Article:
Dee Williams sits on the porch of her dream house.
Dee Williams lives small, really small. Her 84 square foot home sits on wheels in a friend’s backyard. She has no running water or electricity, and uses a compost toilet. Williams tells host Steve Curwood about downsizing to reduce her carbon footprint and increase her community involvement.
CURWOOD: Dee Williams lives in a tiny house. It’s just 84 square feet. She designed its layout on an area rug in the dining room of her previous home, a three-bedroom house in Portland, Oregon.
Her new house is on wheels but it is generally parked in a friend’s yard. She says she wanted to engage more in her community and reduce her carbon footprint. She’s also reduced her monthly expenses from fifteen hundred dollars to about five dollars – the costs of propane to cook and heat her new home.
Dee, now you were living in a nice bungalow when you decided to pack it all away and drastically downsize. Why?
WILLIAMS: Well I think a part of it was just wanting to do an experiment on myself. I had taken a trip to Guatemala and on that trip, you know, it was like a big spanking, you know. I bumped into all these folks in Guatemala who were just incredibly generous and had absolutely nothing. It was kind of this comparison thing that kinda brought home with me and then also, you know, just kind of taking a look at my world and realizing that our mortality is a real thing and if I did want to shake it up, I needed to do that.
CURWOOD: So I’m wondering if you can take me for a virtual tour of your home. Here I am standing in front of it. What do I see and what would happen if I walked through the front door?
WILLIAMS: Well, my little house looks like a little cabin, so its got a pointy little roof, a very small door – it’s like two feet wide. I pulled that out of a dumpster and it’s gorgeous. And a little front porch. And there’s a sleeping loft above the front porch so that kind of creates this little nook of the front porch. Walk inside – after you take your shoes off – and turn to the left: there’s the kitchen counter. And I have a crock that I carry water into the house and there’s a sink that drains into a jug under it. If you turn to the right, there’s a toilet and where I keep all my booboo dust.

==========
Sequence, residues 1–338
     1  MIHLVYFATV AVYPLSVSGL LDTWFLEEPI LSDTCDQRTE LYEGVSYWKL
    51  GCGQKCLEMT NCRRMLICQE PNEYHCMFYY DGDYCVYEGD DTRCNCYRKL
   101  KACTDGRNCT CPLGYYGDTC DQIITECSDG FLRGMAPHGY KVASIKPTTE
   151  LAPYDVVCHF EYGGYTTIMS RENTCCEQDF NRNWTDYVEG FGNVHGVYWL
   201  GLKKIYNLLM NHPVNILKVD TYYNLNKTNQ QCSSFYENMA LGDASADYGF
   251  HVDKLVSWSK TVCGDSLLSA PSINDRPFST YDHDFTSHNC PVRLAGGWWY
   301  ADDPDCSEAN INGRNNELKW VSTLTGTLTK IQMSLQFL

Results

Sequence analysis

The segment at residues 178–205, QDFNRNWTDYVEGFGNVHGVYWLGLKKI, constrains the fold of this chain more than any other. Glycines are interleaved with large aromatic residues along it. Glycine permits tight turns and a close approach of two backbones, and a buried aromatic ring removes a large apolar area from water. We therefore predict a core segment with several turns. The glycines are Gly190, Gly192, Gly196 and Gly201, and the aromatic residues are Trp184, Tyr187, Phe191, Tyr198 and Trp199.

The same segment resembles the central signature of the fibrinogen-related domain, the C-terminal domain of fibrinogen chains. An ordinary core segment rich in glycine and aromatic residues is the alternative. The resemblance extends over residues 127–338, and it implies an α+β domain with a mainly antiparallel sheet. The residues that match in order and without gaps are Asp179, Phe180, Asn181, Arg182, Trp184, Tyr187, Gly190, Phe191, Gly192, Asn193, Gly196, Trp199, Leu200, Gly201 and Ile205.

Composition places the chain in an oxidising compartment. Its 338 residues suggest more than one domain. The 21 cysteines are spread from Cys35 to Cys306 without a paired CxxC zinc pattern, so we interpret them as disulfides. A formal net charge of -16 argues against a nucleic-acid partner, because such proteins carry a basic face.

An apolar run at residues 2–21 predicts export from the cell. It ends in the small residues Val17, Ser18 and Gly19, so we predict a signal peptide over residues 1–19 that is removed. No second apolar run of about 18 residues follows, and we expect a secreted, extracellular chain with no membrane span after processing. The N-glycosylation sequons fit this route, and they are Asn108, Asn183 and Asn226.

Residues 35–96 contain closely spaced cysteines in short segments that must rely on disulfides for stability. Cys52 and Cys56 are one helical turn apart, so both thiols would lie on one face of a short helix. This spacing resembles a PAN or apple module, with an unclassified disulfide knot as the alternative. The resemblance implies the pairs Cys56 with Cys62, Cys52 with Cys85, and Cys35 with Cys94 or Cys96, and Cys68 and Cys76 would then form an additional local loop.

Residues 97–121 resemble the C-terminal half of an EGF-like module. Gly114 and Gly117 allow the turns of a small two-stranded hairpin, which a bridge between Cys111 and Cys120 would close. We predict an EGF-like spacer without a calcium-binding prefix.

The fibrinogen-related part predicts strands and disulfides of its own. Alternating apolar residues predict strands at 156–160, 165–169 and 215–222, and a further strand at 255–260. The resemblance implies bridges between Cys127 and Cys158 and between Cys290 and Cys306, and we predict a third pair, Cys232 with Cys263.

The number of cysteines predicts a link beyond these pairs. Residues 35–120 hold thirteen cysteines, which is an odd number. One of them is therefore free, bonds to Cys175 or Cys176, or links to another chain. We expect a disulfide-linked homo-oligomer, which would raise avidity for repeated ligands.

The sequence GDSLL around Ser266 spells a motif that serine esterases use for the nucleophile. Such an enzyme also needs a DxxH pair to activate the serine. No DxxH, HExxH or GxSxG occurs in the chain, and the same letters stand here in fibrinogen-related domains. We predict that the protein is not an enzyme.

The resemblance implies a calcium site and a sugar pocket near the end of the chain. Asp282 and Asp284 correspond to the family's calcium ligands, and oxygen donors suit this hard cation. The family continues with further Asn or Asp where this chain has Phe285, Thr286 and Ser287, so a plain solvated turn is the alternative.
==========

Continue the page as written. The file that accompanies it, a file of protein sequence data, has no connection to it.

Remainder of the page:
CURWOOD: Booboo dust?
WILLIAMS: Booboo dust. In the Pacific Northwest those are cosmetics.
CURWOOD: Oh excuse moi.
WILLIAMS: So you take a couple of steps and you’re out from underneath the sleeping loft. And you’re standing in this – what I call the great room. Its about a six by six foot space and has an eleven foot ceiling with a big skylight, and that’s my living room. I would make you crawl up into the sleeping loft to try it out because its incredibly spacious even though you can’t stand up there. There’s another skylight that’s over the bed, which is just an incredible gift, I mean, there’s nothing like being able to fall asleep staring at the stars or the moon or watching it rain.
WILLIAMS: It’s just the footprint of the bottom. I guess the rule of thumb for architects is that if you can’t stand up in a space, you don’t have to count it. So I think if I was to pull a real estate ad it would be one bedroom with a bonus room. I would be like a quarter bath or something like that because [laughing] I just have a toilet. I don’t have a sink.
CURWOOD: Talk to me about exactly how you built this. You have obviously some building skills yourself, you have some carpentry skills. As I understand it you got some shingles from a friend who stored them long ago, but where’d you get your other stuff?